Since launching this site in 2009, and more recently agreeing to co-host a session on the Popular Culture of Revolution for ASECS 2012, I am increasingly convinced that pop culture is where the action is. The scholarly action and the political action. I have seen an astounding improvement in classroom dynamics when allusions to films, advertising, and “real-life” scenarios are brought to bear on historical topics. The articles on the Marie-Antoinette pager, Coppola’s film, and the Dolce & Gabbana “Hot Baroque” line systematically draw more hits than any other on this site. (The wildly popular Bastille Day quiz was a rare opportunity to make Revolution relevant to the non-initiate.) In a society where people consult their phones more frequently than their fellows, and where the president requests citizens to “twitter” their representatives instead of joining hands in traditional protest action, is it any wonder that we are increasingly drawn to ponder the instantaneous cyber-effects of cultural action?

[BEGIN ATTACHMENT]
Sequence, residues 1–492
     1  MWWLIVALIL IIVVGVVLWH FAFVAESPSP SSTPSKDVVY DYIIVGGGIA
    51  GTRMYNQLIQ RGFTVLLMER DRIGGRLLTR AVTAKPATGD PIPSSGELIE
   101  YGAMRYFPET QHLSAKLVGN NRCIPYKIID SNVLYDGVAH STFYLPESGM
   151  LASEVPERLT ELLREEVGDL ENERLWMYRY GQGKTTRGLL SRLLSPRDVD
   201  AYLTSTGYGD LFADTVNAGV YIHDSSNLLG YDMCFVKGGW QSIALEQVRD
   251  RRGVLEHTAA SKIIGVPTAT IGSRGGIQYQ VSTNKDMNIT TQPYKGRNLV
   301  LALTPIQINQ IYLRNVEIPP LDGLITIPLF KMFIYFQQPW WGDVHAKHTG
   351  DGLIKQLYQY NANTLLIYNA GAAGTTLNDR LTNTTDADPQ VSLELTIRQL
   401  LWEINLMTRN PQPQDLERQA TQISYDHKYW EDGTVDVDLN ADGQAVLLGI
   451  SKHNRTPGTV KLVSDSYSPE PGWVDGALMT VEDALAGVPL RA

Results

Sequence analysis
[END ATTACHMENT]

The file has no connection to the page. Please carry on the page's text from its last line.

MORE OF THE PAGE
One curious by-product of this situation is the call launched by the group known as Friends of Robespierre to demand that a museum be constructed in honor of the Incorruptible in his one-time home in Arras.
Headed by Alain Cousin (webmaster of the group; not to be confused with Alain Cousin, Deputy of the Manche district), this group is surprisingly effective. To date, more than 500 internautes have signed on (including yours truly). This has considerably grown the paper petition campaign which wielded 473 signatures so far.
To join forces with the Friends of Robespierre and demand a museum in his honor, or to learn more about this group’s activities, click here.
To be continued!